Earth Day Redux

Celebrate the planet whenever

Apr 27, 2005 at 4:00 am
SUN 5/1

"Every day is Earth Day," the slogan goes, and the people behind Earth Day St. Louis are taking that sentiment literally this year. Instead of the traditional April 22 observance, local greenies mark the occasion more than a week later on our city's loveliest patch of earth, Forest Park (specifically, the Muny grounds). Whether you want to dirty your fingernails beautifying the park or just guzzle some beer and enjoy the festival, a wide array of activities offers something to satisfy your inner treehugger.

The Earth Day Festival (10:30 a.m. to 6 p.m.) is the main event, with activities ranging from a used-toy and -book swap to a tree-seedling giveaway to a parade. Kids can make all the usual crafts and then some, learn about fuel efficiency on the Sierra Club's model-car track, or take home a pet worm courtesy of the City Museum. There's plenty of roots-oriented music (the Missouri Fiddlers Association and Ashtray Lizard are but two examples) and kid-oriented storytelling (courtesy of Piwacket Theatre for Children) throughout the day.

And oh, the exhibitors. A gaggle of good-works groups offer information tables, from the Christian Vegetarian Association to Missourians for Single Payer Healthcare. It wouldn't be a festival without food and drink, so the Schlafly Tap Room, Tamales and More, and the not-particularly-ecofriendly Sweet Meat Stix are among the many vendors on hand.

But if you prefer to work up a satisfying sweat for Earth Day, you can walk five kilometers to benefit clean-river activism (registration begins at 7:30 a.m.), help clean up the park or plant wildflowers (both 9 a.m. to noon), or plant some trees (meet at Steinberg skating rink at 2 p.m.). And all that still isn't the half of it. All of the events are free, and more information is available at Or you can just wing it, show up and get your Earth Day on. -- Jason Toon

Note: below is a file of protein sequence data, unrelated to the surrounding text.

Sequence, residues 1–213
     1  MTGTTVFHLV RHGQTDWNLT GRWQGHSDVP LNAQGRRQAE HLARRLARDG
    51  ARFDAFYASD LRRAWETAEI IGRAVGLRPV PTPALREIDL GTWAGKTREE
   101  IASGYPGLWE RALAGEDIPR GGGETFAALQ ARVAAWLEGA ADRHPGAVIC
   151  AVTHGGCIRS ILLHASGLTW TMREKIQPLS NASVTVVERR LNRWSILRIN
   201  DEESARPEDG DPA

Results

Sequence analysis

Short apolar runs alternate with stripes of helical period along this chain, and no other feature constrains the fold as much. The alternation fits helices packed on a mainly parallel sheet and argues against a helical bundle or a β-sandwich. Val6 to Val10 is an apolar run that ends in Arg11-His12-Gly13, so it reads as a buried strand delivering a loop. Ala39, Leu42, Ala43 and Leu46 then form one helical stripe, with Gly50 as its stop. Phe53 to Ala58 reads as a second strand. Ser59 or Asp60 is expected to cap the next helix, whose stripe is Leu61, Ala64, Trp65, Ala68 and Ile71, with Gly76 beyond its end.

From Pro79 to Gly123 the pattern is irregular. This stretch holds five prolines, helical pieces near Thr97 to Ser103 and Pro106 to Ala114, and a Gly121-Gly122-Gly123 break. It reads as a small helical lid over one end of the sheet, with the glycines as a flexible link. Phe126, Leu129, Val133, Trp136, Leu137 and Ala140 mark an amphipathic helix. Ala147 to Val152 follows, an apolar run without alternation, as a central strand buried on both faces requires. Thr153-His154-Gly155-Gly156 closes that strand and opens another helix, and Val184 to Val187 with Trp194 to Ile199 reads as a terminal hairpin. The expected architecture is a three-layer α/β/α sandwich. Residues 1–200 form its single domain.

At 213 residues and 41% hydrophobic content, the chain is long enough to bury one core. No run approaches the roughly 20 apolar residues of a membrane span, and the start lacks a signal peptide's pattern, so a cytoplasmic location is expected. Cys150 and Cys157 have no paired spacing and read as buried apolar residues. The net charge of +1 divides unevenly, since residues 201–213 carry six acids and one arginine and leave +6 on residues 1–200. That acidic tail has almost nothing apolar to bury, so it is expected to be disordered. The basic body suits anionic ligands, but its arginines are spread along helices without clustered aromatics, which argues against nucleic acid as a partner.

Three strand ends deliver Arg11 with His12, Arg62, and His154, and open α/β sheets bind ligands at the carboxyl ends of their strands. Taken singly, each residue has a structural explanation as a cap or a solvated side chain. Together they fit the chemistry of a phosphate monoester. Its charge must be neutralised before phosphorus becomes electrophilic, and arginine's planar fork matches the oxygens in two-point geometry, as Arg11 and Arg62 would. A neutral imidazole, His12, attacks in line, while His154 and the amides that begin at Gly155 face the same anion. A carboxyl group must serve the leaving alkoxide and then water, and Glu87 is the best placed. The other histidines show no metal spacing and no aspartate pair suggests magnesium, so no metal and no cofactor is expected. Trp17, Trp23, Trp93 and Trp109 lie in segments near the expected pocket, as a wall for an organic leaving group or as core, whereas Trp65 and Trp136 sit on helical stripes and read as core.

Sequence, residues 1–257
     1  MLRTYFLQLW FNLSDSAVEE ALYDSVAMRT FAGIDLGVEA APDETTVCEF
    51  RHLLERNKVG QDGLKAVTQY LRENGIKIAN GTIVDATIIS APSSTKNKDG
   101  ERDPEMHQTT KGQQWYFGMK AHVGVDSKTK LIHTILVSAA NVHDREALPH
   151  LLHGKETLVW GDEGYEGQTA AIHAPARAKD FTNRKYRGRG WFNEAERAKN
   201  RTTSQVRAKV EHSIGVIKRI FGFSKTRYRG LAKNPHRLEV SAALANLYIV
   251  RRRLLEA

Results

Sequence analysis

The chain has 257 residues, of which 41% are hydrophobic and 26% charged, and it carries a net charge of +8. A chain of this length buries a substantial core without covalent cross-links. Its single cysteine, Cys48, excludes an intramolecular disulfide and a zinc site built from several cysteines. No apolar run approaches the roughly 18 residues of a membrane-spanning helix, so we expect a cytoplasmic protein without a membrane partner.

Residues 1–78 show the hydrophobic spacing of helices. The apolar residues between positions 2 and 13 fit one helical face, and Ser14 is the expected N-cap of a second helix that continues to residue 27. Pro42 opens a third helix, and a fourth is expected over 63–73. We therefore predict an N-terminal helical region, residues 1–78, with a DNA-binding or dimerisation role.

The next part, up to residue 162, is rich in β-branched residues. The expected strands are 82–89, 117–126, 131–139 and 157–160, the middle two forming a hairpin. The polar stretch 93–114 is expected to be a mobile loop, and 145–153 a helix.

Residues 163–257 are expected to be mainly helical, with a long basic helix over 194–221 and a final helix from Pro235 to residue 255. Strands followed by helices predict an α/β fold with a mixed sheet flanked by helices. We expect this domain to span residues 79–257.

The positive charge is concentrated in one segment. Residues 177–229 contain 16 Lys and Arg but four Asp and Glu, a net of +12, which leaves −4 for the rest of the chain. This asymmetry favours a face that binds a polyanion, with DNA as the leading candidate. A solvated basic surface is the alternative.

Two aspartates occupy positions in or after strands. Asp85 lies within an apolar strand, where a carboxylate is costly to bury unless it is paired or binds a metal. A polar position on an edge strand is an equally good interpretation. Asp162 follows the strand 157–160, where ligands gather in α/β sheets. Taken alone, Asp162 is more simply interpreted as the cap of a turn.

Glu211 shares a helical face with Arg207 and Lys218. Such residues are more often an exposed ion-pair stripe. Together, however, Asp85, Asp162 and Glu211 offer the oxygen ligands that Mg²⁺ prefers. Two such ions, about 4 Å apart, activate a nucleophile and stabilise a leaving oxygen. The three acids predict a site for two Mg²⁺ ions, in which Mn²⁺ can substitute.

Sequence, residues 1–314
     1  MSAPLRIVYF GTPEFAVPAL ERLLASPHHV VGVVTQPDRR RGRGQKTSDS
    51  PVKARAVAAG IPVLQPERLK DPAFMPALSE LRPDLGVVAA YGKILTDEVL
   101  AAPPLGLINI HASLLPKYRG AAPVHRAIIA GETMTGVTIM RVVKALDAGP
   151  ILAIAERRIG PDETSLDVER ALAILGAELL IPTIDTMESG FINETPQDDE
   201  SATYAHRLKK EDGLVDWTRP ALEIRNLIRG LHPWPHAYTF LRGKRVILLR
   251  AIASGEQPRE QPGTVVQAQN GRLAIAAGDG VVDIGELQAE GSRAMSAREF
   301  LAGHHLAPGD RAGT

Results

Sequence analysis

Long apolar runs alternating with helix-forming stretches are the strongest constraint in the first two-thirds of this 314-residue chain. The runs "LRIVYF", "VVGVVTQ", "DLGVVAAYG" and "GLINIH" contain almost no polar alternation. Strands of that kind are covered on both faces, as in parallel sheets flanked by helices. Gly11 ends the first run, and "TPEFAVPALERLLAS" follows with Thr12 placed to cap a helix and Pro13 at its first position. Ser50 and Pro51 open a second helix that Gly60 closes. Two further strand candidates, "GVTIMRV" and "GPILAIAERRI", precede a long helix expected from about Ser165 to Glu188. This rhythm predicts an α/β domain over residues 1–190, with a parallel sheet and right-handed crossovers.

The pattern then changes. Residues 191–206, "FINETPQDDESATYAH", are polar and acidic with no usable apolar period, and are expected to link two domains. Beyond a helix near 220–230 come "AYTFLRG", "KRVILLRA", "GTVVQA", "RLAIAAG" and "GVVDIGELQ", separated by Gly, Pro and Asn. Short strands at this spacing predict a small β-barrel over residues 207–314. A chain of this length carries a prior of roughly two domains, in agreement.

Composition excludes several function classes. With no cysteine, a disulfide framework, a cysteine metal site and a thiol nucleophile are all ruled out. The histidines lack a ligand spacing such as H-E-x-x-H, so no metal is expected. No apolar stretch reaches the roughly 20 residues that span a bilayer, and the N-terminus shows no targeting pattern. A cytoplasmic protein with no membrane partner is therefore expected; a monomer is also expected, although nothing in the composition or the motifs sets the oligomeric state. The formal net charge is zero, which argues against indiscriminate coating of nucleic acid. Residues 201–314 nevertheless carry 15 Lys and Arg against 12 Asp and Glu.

Fore! For Fun

SAT 4/30

The Drive, Chip & Putt Junior Challenge is a chance for kids ages seven to fourteen to test their golf prowess in the three stated skills against those of their peers in a friendly, fun environment. Like many expensive, life-long habits, the golf lifestyle could start with this freebie at the Golf Headquarters Family Golfplex (3717 Tree Court Industrial Boulevard). Disregard your misgivings about the inherent lifestyle risks associated with any sport whose participants wear slacks and/or argyle; winners advance to the regional championships and a brief TV appearance, thanks to the Golf Channel. Participation is limited to the first 250 registrants, and registration begins at 1 p.m. Forms are available at; call 636-861-2500 for more information. -- Jedidiah Ayres

Feeling Fruehling

SUN 5/1

To experience a true German spring festival, or Fruehlingsfest, you could spend $700 on a flight to Munich -- the spätzle in Theresienwiese is divine. Or you could drive your Volkswagen 35 miles south to Maeystown, Illinois -- it could cost you less than $10 in gas. Crossing the one-lane, limestone bridge into Maeystown may put you in a bit of time-warp, as this village hasn't changed much since it was founded in 1852. Fruehlingsfest features the best antiques dealers and plant vendors in the Midwest, as well as a chance to catch your breath among the rolling hills and streams -- "hurry" doesn't exist in Maeystown. Fruehlingsfest runs 9 a.m. to 4 p.m. and admission is free; call 618-458-6660 or visit for directions. -- Amy Helms


SAT 4/30

Ms. Day, normally a sunny individual, is irritated right now, and all because of herbs. She buys fresh flat-leaf parsley to cook with, and minutes after getting it home, the herb has completely wilted. Left with no other choice (shouting at parsley doesn't seem to work), Ms. Day has decided to grow her own seasonings. Join her as she heads to the Webster Groves Herb Society's annual Spring Sale from 8:30 a.m. to 2 p.m. at the First Congregational Church of Webster Groves (10 West Lockwood Avenue). There, she will find an assortment of herb plants for sale -- like parsley and fifteen varieties of lavender (at least one of which will fill a tiny pillow meant for soothing Ms. Day's pounding grocery headache). Admission is free; visit or call 314-968-4336 for more information. -- Alison Sieloff